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Teaching Job: How to write a great Cover Letter

    When applying for any teaching job, the cover letter is as important as the resume itself, because it provides the prospective employer with the first impression of you. A good cover letter is essential to let you stand out as an applicant, the question is: How do you write a great Cover Letter?

    How do you format a cover letter?

    The cover letter is just a little more than a single-sentence summary of your best assets as a teacher. It can also in a brief statement to answer immediate questions the recruiter or prospective employer may have by filling gaps on your resume, such as inexperience, or periods of unemployment. The cover letter is the key to getting an invitation to an interview.

    What must the cover letter say?

    A cover letter is usually not very long, consisting of just three short paragraphs, yet detailed enough to provide an accurate picture of your teaching abilities and experience.

    It must be brief, get directly to the point, yet let your personality shine through and raise a sense of curiosity with the reader. It must let the potential employer want to get to know you better, encouraging them to actually look at your resume.

    “The cover letter is a single-sentence summary of your best assets as a teacher, with a sparkling introduction and a call-to-action summary.”

    Eric O. Wesch- Etacude

    It is imperative that each cover letter must be tailored to the specific job for which you’re applying. Experienced HR recruiters and employers can spot a generic cover letter on a mile. It conveys a very negative impression, showing that you are doing bulk applications and are not sincere. It is the quickest way to get your resume sent to the bin and kill your prospects of getting an invite for an interview.

    When you’re ready to start, your teaching cover letter should begin with a personalized greeting. In other words, you want to avoid the generic “Dear Hiring Manager” and instead find out the name of the person handling the applications.

    While this isn’t always possible, oftentimes all it takes is a quick glance at the job advertisement or an easy web search to find out who is in charge of the school, language institute or online company where you’re applying. Taking the time to research the hiring manager’s name will allow you to stand out as someone who goes the extra mile, who cares deeply about the specific job, and who demonstrates attention to detail.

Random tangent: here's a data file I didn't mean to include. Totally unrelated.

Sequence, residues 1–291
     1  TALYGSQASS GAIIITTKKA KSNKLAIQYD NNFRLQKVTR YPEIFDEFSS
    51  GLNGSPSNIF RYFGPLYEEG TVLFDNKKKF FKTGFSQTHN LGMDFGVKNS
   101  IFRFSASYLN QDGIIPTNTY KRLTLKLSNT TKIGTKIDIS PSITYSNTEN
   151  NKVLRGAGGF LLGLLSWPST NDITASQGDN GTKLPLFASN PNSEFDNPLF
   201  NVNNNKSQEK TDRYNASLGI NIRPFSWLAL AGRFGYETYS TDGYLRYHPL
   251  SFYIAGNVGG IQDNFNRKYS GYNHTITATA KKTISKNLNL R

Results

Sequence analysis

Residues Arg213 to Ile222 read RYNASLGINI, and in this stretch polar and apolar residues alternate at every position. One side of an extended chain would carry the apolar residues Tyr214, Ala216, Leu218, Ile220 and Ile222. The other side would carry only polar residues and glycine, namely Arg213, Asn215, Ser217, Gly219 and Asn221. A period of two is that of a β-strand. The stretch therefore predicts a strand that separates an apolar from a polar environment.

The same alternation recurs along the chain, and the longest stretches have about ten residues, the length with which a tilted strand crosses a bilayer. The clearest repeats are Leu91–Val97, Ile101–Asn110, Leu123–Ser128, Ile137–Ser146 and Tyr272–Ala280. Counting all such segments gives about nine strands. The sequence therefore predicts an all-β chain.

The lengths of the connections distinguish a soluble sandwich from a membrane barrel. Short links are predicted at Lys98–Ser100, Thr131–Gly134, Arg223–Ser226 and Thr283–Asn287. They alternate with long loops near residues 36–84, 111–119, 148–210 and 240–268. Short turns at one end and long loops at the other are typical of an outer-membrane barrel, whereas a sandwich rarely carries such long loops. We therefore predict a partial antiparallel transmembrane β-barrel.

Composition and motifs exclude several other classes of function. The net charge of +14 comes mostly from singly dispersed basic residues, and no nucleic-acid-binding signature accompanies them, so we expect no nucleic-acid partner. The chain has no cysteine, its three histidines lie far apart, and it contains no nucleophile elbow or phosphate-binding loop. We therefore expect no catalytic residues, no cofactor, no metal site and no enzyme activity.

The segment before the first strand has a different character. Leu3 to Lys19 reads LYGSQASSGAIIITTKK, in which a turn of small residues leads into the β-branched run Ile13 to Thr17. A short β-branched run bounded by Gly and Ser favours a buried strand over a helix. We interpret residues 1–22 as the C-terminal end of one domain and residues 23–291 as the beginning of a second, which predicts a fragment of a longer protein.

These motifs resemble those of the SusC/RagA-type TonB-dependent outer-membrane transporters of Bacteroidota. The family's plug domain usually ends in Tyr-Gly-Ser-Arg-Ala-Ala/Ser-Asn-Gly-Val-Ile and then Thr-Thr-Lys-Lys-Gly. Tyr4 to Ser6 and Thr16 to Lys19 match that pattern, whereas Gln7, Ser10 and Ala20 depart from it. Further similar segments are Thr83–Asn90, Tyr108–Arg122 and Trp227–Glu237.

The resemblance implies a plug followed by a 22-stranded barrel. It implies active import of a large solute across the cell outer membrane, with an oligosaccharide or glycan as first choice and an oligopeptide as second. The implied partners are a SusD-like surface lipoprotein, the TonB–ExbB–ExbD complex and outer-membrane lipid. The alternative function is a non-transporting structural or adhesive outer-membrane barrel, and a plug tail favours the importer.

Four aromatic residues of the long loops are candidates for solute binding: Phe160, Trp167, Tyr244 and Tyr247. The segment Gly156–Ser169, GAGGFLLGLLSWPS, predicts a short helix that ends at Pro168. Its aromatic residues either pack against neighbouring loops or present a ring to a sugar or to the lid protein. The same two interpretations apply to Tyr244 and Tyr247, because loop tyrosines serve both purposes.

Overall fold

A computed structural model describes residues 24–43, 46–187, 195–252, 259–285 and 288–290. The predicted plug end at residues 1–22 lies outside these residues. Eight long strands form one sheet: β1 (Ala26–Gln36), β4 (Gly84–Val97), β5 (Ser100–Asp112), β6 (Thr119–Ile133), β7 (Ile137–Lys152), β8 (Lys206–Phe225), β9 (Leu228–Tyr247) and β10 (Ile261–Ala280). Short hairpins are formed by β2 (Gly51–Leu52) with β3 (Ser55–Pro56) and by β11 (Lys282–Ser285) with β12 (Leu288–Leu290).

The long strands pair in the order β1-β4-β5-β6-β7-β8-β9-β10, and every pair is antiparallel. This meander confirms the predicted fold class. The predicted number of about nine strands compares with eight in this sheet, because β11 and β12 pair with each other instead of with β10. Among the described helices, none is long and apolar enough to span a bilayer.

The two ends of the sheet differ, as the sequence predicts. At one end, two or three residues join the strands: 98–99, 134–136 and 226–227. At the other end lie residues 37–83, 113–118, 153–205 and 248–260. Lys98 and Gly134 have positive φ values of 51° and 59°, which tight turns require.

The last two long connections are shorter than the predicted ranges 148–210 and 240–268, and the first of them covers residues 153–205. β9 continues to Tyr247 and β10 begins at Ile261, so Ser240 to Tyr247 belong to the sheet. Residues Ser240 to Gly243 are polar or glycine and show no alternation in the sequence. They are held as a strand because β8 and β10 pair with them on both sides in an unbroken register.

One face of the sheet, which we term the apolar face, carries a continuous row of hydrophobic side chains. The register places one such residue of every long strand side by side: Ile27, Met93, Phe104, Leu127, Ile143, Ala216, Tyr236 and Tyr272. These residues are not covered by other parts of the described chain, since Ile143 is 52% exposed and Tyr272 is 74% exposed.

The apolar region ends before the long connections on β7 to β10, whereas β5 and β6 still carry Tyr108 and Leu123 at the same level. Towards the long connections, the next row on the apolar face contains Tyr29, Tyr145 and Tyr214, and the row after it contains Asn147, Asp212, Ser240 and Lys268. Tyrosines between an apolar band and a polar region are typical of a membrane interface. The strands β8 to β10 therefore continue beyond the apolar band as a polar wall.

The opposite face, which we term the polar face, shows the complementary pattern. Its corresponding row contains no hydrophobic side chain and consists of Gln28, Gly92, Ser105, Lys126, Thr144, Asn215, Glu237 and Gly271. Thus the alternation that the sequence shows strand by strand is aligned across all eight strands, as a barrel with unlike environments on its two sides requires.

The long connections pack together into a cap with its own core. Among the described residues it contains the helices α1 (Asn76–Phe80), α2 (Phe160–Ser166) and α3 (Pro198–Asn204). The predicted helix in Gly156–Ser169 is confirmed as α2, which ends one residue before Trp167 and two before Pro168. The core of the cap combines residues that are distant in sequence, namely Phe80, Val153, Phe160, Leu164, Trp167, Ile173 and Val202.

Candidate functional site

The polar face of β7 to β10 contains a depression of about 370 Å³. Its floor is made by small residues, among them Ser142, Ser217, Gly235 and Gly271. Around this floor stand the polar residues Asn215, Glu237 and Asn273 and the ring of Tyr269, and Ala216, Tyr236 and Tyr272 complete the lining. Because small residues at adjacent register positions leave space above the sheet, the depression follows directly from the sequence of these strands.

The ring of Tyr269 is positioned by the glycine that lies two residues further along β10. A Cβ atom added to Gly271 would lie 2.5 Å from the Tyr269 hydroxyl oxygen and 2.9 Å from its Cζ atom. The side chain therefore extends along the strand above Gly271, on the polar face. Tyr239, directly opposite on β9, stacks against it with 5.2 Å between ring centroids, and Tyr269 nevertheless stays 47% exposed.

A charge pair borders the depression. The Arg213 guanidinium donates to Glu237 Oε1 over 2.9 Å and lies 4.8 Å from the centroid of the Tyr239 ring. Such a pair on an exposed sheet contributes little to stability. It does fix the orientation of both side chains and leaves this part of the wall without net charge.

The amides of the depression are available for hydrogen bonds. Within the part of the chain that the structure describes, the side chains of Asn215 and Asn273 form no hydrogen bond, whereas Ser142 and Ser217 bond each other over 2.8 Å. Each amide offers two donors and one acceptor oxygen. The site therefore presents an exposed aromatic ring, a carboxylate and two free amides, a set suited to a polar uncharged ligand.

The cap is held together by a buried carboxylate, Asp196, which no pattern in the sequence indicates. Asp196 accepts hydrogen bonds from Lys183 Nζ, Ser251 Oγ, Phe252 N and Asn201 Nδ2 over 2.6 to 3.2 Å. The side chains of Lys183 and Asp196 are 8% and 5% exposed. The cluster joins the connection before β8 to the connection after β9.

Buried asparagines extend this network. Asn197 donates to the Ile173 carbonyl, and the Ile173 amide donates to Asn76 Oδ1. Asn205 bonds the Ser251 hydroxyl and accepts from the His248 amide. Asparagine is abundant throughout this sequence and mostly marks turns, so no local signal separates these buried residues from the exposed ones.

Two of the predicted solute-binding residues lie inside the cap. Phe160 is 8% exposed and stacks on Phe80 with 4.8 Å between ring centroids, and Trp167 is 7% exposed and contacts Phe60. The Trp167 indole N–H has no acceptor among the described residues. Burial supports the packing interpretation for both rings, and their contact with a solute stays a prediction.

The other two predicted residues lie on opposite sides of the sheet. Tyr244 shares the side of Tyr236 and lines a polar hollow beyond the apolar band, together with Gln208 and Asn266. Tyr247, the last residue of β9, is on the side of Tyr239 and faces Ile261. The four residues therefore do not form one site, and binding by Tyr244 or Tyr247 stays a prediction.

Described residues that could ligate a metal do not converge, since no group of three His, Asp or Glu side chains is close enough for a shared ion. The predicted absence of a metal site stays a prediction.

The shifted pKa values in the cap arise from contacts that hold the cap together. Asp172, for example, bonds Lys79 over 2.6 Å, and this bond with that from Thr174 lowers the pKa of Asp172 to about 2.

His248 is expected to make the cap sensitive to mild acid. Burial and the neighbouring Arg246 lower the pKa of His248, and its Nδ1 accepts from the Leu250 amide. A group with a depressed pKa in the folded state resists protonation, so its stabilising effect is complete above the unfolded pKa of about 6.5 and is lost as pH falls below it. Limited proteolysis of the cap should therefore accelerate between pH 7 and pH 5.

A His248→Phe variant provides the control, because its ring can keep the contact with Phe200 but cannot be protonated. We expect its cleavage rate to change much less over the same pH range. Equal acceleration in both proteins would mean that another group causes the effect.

The 3 paragraphs of a Cover Letter:

    1. Introduction: Why you’re writing

    This first paragraph is simple enough. You’re essentially letting an employer know that you’re interested in working for them. Be sure to specify the position for which you’re applying, and let the school, language institute, or online company know where you saw the job advertisement. Employers appreciate it when applicants mention where they saw the job posting because it allows them to get a better idea of where their advertising time and money are best spent.

    2. Body: Motivate why you want this particular job

    This is perhaps the most important paragraph to consider when writing a cover letter to teach abroad or online because this is where you’ll really demonstrate why someone should hire you.

    Do your research

    The first thing to keep in mind is that you need to do your research so that you can show you have a vast knowledge of the school or company and the position. Again, this personalizes the cover letter and lets employers know that this particular job would be a good fit for both the school and you.

    Focus on what you can contribute to the school.

    Next, highlight what you can specifically do for the school or program. Try to match your qualities to those listed in the job posting by offering specific examples of times when you’ve demonstrated these qualities or previous roles you’ve held that incorporated the same skillsets.

    Furthermore, try quantifying your skills – put numbers to your accomplishments! Teachers can do this in several ways, including specifying how many students they supervised during a specific role, how many reflective teaching support groups they hosted each month at a school, or the percentage by which their students’ test scores improved during a certain year.

    3. Finish with a strong summary paragraph

    While this paragraph is largely self-explanatory, you’ll want to remember several essential components to include here.

    First, you should reiterate why you’re a good fit for the position in order to leave employers with the most relevant information. Your summary must encourage the reader to a call of action: To put your name on the shortlist for interviews!

    Next, thank them for taking the time to review your application.

    Additionally, you want to include a reference to the next step. This could be something like, “I would appreciate the chance to set up an interview in order to further speak with you about my qualifications for the position” or, “Please feel free to reach out to me via phone or email if you have any questions about my qualifications.”

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